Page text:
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future-proofing software
Old 12-25-2015, 09:52 PM   #1
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future-proofing software

Looked online and found little about this topic. Since there are many software developers and future planners here, this seems a good place to ask: what should be considered when future-proofing application software now so it is more likely to operate without further mods on guesstimated computer hardware of the future, such as 10 or 20 years hence?

I expect processing speed will continue to increase, as will storage, memory, and display size/resolution. Consequently, this means, for example, an application should acceptably scale from present-day common display resolutions like 1600x1200 to, say, 4000x3000 on which text might otherwise become too small to read. Visual effects such an animations should throttle themselves based on real time, not computer speed, lest they run too fast on a future computer that could be 1000x faster.

Those are two that quickly come to mind but what are some others?
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Old 12-25-2015, 10:57 PM   #2
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Is it realistic to believe programs written today will even run on the operating systems that will be commonly used 20 years from now?

If a program is needed and useful, then someone will there to make the incremental changes needed to make it work. I would think it pretty hard to do that in advance. But, I'm certainly not an expert.
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Old 12-26-2015, 04:15 AM   #3
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If anything, the trend is toward making software more and more disposable. Almost fifteen years ago I designed a highly-integrated software system using the latest technologies. It is almost completely obsolete now. My successor is designing the new application from readily-interchangeable parts. He takes pride in the fact that, even now, two years before release, he's ripped out code his team developed last year and is replacing it with completely new code to do the same thing using completely different technology. That's the future of software.
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Old 12-26-2015, 05:38 AM   #4
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Software becomes obsolete, not based on processor speeds, but based on security features, law changes, current marketing and economic conditions.

Any healthcare software probably needed to be heavily modified in order to accommodate ans ACA changes. Since most developers do not use solid structured techniques, after several of these types modifications, the software become un-maintainable. If all software was structured and modular, some of it could be transportable. Even web services are often just a one trick pony.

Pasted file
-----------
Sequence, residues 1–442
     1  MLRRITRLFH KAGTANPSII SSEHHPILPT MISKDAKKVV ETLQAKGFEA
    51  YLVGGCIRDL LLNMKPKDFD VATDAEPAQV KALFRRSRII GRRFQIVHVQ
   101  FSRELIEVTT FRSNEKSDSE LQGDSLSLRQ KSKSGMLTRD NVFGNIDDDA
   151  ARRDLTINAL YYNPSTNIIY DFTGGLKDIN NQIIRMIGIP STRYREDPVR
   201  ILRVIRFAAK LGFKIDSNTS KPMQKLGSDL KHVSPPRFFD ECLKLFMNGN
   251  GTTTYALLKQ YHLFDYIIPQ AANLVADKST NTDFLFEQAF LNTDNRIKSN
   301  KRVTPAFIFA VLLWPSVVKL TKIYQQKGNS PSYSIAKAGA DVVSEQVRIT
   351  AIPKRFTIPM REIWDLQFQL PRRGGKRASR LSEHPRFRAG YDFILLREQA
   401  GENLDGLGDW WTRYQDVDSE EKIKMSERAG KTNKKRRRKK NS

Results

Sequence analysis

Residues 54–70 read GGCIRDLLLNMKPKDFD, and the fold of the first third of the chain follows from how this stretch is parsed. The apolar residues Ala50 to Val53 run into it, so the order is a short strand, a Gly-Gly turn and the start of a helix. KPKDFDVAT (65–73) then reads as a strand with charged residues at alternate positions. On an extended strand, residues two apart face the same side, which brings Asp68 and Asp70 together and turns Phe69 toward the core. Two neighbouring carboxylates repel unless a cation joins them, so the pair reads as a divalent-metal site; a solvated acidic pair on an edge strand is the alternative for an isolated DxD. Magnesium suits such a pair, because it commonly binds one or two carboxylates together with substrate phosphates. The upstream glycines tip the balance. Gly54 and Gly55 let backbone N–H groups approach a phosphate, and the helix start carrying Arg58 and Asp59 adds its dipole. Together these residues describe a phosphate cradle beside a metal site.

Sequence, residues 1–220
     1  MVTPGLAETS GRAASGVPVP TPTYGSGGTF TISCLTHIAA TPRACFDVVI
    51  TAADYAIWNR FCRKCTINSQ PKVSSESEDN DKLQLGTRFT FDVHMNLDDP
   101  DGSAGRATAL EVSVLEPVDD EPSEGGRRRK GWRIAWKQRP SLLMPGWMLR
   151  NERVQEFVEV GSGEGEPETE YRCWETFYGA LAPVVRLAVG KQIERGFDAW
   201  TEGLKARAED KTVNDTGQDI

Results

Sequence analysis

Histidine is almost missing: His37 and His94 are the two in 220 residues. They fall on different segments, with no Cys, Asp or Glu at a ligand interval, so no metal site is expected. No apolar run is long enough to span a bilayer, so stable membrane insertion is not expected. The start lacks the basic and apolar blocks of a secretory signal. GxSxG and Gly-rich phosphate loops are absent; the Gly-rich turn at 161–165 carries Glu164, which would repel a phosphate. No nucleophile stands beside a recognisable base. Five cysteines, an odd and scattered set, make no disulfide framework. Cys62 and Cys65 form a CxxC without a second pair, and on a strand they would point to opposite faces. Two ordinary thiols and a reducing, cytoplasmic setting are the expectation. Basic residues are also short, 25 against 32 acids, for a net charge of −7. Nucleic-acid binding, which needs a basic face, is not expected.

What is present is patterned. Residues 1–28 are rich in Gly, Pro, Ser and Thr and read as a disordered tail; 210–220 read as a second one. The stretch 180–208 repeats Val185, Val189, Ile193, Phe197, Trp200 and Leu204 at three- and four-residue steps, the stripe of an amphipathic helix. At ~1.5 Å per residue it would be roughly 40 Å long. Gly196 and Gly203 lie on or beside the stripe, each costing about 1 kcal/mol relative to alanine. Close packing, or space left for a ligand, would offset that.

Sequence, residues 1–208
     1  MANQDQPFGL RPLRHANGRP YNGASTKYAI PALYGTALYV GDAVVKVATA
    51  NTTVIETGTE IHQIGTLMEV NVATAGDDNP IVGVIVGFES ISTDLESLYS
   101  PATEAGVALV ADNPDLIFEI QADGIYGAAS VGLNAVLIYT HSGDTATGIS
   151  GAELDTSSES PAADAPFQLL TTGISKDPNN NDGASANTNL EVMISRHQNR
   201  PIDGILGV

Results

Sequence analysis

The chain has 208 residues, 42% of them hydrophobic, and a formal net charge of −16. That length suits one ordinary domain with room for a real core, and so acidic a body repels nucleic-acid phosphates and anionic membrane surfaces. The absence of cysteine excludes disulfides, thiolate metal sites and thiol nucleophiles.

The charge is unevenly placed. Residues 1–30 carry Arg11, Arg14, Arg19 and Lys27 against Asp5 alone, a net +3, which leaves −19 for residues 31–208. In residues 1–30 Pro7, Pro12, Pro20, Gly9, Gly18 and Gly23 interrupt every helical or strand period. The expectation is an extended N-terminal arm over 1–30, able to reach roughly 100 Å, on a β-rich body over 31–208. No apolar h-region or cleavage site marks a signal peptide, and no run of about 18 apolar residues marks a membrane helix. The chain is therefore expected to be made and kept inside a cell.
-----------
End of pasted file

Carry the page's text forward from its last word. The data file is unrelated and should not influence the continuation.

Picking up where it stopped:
Another thing is marketing changes. What was once impossible to obtain, is now common. Knowing what part of the customer base has a mobile phone number, and then send a text (or email) to them, would not be possible 20 years ago.

Following mouse clicks on a webpage to better understand how to make a website more user friendly. Or tracking all the users history accross different websites. The latest HTML5 will be HTML10 in 20 years. Software that does not take advantage of these updates are going to fall by the wayside. Especially when the current features are deprecated.

There was a time when 64-bit encryption was enough, now it's 256-bit encryption. Soon it will be 1024 or even 2048-bit encryption. Even SSNs and CC numbers were commonly passed around in the clear at one point in time, now they cannot be stored anywhere they could be vulnerable, and they have to be encrypted.

However, there are probably a few software applications that will still be around in 20 years. I have worked on some myself long ago that are still functioning. And think about a phone app that makes a fart noise, that will still be as fun in 20 years as it is today.
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Old 12-26-2015, 09:06 AM   #5
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I agree with others, it is unreasonable to expect any specific program 'to operate without further mods on guesstimated computer hardware of the future, such as 10 or 20 years hence?', and impossible to predict.

I think a more pragmatic approach is to choose programs that support data formats that can be expected to be useful with future programs. A basic text file, and csv spreadsheets can be read decades later. Open source formats, and programs that support them are probably your best bet.

https://en.wikipedia.org/wiki/OpenDocument
OpenDocument Format - office beyond office